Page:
If all parts are reasonably in good repair, or if identical good parts can be replaced through (inexpensive) purchase or cannibalization, the overhaul can continue. Otherwise, it's best to purchase a new wheel.

I haven't investigated thoroughly, but a casual inspection of appears to imply that they will sell you the entire guts of a Shimano E type coaster brake hub for $4.00 plus shipping. So if you finally wear out bearings or whatever, this might be an easy answer, always assuming your rim, spokes and hub shell are in excellent condition.


If the wheel is missing spokes, or if the some spokes are severely bent or gouged, this is the time to replace the broken or bad spokes. Without the sprocket in the way, installing new spokes is relatively easy. After removal of the tire, tube and rim strip, the wheel can be brought to a competent bike shop that can measure the existing spokes and sell correctly sized replacements (including new nipples).

When I replace spokes, I do them one at a time, following the path of the spoke I just pulled out. Wheels are typically "cross spoked", meaning each spoke goes under two and then above one, or vice versa. On four cross wheels it's under three and over one, or vice versa. Cross spoking makes the wheel more ridgid, which is a good thing for both speed and manuverability.

I always put a little grease on the spoke threads, the part of the nipple that sits on the rim, and the spoke head. The grease on the threads and the nipple make it easier to turn the nipple and true the wheel. The grease on the head of the spoke, in my opinion, lessens wear, stress and corrosion, giving the spoke a longer life.

Once again, remember that if spokes cost 75 cents apiece, and you need to replace 15 of them, a new wheel might be more economical. Interestingly, a couple days ago a bike shop charged me $1.49 per spoke. I was surprised, but gasoline being what it is (remember, my bike was out of commission), I didn't want to drive to a different bike shop to save a couple bucks.

Dry Fitting

Before final reassembly, I always make sure to put it together dry, without any grease. This gives me several advantages:

It's easy to do and do over

When reassembling anything, I often screw it up the first, second or even third time. By reassembling several times, I understand how it works, plus I can try it out. When I reassemble the wheel without grease, I can turn the sprocket forward and verify that the wheel turns. I can turn the sprocket backwards and verify that the wheel quickly stops.

I found that I can dry assemble and unassemble the hub in about 7 minutes. That means I can do it three times in 21 minutes. That 21 minutes is time well spent, because when I put it together with grease, I do it correctly the first time.

It's much less messy

Performing a trial assembly with grease would be a messy affair to say the least. Dry assembling it is neat and clean.

You see baseline performance without grease

My bicycle repair philosophy is usually "there's no such thing as too much grease". After all, I can always wipe off the excess after assembly.

This philosophy is NOT appropriate for coaster brakes. Because the brake pads ride so close to the hub wall, excessive grease between the clutch and brake pads could actually push the brakepads lightly into the hub, creating drag. Excessive grease between the brake pads and hub wall could also create drag, and could also decrease braking effectiveness.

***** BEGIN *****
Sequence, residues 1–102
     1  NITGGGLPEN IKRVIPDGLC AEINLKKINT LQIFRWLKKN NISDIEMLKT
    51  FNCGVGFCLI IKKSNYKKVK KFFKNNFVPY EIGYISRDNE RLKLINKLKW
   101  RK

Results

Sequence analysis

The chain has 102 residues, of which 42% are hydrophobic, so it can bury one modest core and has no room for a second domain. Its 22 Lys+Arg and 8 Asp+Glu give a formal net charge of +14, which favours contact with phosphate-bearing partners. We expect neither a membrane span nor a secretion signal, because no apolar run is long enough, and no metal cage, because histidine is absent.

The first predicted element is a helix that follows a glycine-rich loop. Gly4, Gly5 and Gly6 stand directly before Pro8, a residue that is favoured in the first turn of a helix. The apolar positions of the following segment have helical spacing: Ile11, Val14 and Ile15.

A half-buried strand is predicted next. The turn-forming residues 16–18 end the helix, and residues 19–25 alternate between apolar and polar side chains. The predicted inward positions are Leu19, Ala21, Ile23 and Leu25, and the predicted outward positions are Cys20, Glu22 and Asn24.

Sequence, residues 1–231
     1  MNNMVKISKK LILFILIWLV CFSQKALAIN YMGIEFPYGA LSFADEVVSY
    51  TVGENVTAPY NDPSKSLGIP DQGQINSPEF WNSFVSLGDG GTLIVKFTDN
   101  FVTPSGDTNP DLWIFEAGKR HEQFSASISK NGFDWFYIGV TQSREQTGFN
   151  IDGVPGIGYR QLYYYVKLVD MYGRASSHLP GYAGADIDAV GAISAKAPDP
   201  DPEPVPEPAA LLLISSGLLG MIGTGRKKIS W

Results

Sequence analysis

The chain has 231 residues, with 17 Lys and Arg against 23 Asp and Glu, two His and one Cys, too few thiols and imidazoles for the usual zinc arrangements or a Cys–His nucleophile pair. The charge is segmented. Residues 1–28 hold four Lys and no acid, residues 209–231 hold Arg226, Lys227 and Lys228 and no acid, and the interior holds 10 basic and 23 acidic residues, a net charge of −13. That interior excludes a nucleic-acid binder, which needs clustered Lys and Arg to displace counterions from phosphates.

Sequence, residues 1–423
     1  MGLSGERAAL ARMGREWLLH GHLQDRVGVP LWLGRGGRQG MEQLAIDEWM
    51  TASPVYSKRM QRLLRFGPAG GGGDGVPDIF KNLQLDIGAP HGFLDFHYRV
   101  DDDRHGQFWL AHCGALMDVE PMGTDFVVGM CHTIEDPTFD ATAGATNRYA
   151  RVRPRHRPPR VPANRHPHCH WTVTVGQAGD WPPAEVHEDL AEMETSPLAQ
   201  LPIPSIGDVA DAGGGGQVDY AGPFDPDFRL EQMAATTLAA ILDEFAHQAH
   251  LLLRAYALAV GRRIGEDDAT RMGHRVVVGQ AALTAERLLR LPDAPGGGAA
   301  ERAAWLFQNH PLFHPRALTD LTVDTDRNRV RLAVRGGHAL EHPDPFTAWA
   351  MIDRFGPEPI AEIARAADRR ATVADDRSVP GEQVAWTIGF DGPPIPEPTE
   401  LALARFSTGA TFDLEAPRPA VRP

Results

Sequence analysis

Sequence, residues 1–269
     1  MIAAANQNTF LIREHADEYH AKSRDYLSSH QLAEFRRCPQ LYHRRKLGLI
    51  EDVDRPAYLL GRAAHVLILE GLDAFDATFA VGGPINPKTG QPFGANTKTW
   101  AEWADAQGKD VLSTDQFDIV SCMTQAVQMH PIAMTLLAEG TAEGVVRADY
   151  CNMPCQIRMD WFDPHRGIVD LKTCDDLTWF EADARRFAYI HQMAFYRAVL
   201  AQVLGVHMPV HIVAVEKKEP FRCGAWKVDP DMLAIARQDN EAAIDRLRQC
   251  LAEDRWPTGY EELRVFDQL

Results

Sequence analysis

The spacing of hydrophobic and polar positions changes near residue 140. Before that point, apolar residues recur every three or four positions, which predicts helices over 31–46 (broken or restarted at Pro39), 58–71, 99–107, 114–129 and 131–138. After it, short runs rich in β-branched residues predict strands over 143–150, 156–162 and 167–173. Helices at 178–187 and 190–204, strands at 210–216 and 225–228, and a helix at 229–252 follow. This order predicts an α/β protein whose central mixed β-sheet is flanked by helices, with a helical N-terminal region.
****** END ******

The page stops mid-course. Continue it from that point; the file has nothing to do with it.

Putting the wheel together dry gives an opportunitye to see how it operates without grease. If there's excessive friction after final assembly with grease, and the cones are not overly tight, then the grease is slowing the wheel. Dry assembly yields a baseline to diagnose problems caused by excessive grease.

Final Reassembly

I use voluminous grease on bearing surfaces. I don't want these running dry. I use a VERY light coat of grease on the outer side of the brakepads -- just enough so that the brakepads don't quickly cut up the interior of the hub. I use a light to moderate amount of grease between the clutch and brakepads, so that it won't run dry and cause notches to be worn in the slanted sliding surfaces.

Here's the reassembly method I use:
  1. Lightly grease all the exposed threads on the axle. This helps in all reassembly.
  2. Moderately grease up the cone on the brakepad locking assembly, avoiding getting grease on other parts of the assembly.
  3. Completely inundate one of the large bearing assemblies with grease, placing it on the brakepad locking assembly's cone with the ball side facing away from the torque arm and the holder side facing toward the torque arm.
  4. Grease the threads inside the clutch assembly with a moderate amount of grease.
  5. Slide the clutch onto the axle with the two little prongs toward the brakepad locking assembly.
  6. Push lightly and rotate clutch until the two little prongs go into the two mating holes on the brakepad locking assembly.
  7. Put a light to moderate amount of grease on the brakepad locking assembly and the exterior of the clutch.
  8. Cover the outside of the brakepads with a VERY light coat of grease -- just enough so that metal on metal contact won't cut up the metal surfaces.
  9. Fit the brakepads over the brakepad locking assembly and clutch so that the heavy metal on the interior of the brakepads fit between the raised metal on the brakepad locking assembly. This configuration keeps the brakepads from spinning while braking.
  10. Very slowly, gently and carefully fit everything into the wider end of the hub. After it goes in, gently push and rotate until the bearing completely seats and bearing cannot be seen. If it doesn't go in right, or parts appear to become dislodged, remove, reseat the brakepads, and try again.
  11. Put the wheel down on the axle so that the wheel is kept in place by gravity. Put the axle on a soft surface so the threads aren't damaged.
  12. Put moderate grease on the cone at the back of the sprocket and the cup on the front side of the sprocket. Put moderate grease in the course threads on the projection at the back of the sprocket.
  13. Heavily grease the second large bearing assembly and put it on the cup part of the sprocket assembly so that the balls face away from the sprocket and the holder side faces toward the sprocket. The idea is for the full balls to run on the cup in the hub.